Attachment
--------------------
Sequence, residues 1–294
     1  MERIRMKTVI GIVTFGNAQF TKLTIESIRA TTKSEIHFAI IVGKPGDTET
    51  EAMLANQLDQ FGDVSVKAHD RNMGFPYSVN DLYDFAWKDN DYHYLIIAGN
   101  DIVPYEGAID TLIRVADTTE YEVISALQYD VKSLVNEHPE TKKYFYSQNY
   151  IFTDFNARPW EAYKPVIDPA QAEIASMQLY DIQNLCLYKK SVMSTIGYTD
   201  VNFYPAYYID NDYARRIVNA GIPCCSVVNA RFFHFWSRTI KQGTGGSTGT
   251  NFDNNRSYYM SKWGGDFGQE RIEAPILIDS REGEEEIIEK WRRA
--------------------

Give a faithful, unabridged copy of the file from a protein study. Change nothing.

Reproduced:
Sequence, residues 1–294
     1  MERIRMKTVI GIVTFGNAQF TKLTIESIRA TTKSEIHFAI IVGKPGDTET
    51  EAMLANQLDQ FGDVSVKAHD RNMGFPYSVN DLYDFAWKDN DYHYLIIAGN
   101  DIVPYEGAID TLIRVADTTE YEVISALQYD VKSLVNEHPE TKKYFYSQNY
   151  IFTDFNARPW EAYKPVIDPA QAEIASMQLY DIQNLCLYKK SVMSTIGYTD
   201  VNFYPAYYID NDYARRIVNA GIPCCSVVNA RFFHFWSRTI KQGTGGSTGT
   251  NFDNNRSYYM SKWGGDFGQE RIEAPILIDS REGEEEIIEK WRRA